The blink response

I started re-reading Blink by Malcolm Gladwell recently.  While I read the book almost a decade ago, I thought it was time to revisit the text.   Several colleagues have been talking about the power of the blink test in our work with students.  So, I decided to pick up the book again.  Blink discusses the power of “thinking without thinking” and the “impact and consequences of instantaneous impressions and conclusions.” If you haven’t read anything by Gladwell, he’s worth your time.  In his books, Gladwell uses stories and research to bring home elaborate and nuanced concepts.  Like his other books (The Tipping Point, Outliers, David and Goliath), Blink will definitely not disappoint.

Blink was originally published in 2005 and I can remember reading it soon after it came out.  I was in a very different place professionally and personally.  I was teaching high school and my daughter was only four at the time.  Fast forward a decade and I’m now teaching at the collegiate level.  My daughter will enter high school herself next year, which has created a world of new challenges for me as a parent.  I provide this background since we all interact with texts based on our own contextual life experiences.  Just like a song that may seem sad or happy based on the state of mind we’re in, texts are colored by our experiences. In this case, sections of the book that didn’t resonate with me before seem to be jumping off the page.

Take an early section on studies conducted with students observing college professors.  In research conducted by psychologist Nalini Ambady, students were given a few seconds of video showing college professors and asked them to rate their teaching effectiveness.  Despite watching only a few seconds of silent video, the split decisions made by students closely aligned with the evaluations given by students who spent the entire semester with the professor.  Ambady shared her work in an article published in the Journal of Personality and Social Psychology.  In the article, she talks about the power of “thin slices” of observation and the importance of nonverbal behaviors.  In the study, professors who received high ratings were not the most attractive or the ones who looked more scholarly.  Instead, the instructors who received high ratings were the ones who were judged more positively on affective dimensions.  Maybe the professors smiled a little more.  Maybe their body language communicated compassion for students or openness.  Maybe their presence communicated a warmth that resonated positively with students.  Regardless of the specifics, those affective dimensions came through in the short, thin slices and impacted the students’ blink response.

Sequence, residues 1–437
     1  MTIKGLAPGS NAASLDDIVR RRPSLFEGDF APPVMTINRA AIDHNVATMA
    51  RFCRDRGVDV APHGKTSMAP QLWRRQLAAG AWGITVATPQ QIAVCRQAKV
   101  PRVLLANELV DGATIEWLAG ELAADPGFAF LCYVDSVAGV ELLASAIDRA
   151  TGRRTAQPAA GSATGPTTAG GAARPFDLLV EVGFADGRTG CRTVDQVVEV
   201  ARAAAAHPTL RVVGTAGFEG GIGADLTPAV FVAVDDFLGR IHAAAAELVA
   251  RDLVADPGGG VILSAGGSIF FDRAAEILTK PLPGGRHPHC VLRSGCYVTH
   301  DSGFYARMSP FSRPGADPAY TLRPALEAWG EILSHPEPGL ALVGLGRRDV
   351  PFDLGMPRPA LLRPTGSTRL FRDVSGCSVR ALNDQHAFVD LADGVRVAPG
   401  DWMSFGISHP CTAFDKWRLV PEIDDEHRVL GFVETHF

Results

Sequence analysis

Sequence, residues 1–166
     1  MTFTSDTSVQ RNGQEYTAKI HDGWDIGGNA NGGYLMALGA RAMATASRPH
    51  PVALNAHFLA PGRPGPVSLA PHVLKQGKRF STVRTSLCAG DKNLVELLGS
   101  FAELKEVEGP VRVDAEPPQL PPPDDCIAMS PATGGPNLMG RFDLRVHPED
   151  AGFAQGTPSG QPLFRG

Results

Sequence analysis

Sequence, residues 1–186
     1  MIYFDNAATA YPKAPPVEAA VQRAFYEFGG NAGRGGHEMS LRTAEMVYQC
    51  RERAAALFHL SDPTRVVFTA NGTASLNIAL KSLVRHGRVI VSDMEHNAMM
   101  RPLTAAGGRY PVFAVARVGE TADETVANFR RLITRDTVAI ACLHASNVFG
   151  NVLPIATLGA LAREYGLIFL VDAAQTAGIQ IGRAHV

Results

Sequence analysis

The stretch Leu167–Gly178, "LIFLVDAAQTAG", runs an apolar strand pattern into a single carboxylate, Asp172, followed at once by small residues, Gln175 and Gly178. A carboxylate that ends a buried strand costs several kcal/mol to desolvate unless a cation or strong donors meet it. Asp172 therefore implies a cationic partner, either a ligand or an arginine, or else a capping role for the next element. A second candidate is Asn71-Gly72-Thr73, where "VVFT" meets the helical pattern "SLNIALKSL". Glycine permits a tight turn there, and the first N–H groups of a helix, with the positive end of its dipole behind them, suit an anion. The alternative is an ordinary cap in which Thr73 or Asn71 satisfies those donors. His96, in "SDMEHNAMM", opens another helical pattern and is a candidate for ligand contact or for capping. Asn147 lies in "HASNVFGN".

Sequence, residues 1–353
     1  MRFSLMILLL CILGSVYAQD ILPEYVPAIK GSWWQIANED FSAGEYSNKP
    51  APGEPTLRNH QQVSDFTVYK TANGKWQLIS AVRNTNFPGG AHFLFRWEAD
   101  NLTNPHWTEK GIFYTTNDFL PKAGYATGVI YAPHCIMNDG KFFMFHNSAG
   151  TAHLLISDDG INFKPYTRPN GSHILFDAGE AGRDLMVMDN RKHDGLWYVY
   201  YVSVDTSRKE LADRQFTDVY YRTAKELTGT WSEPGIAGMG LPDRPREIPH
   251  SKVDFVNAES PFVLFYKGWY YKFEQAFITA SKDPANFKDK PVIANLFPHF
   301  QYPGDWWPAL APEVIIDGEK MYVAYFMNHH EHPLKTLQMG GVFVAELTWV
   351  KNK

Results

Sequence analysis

While some may see Ambady’s study as casting a questionable light on student evaluations in general, we should resist dismissing the study or Gladwell’s book.   As I tried to explain to my daughter this morning as she was selecting outfits for school, we’re all being judged by the people we meet.  Whether it’s for our dress, our attitudes or for how we interact with others, all of us are being judged as a result of split-second decisions by the people we meet.  Thankfully for us as educators, the affective nature of our work is what resonates with our students in the thin slices.  If only the blink response by my daughter’s middle school peers was as simple.


One thought on “The blink response

  1. Pingback: Evaluating evaluation |

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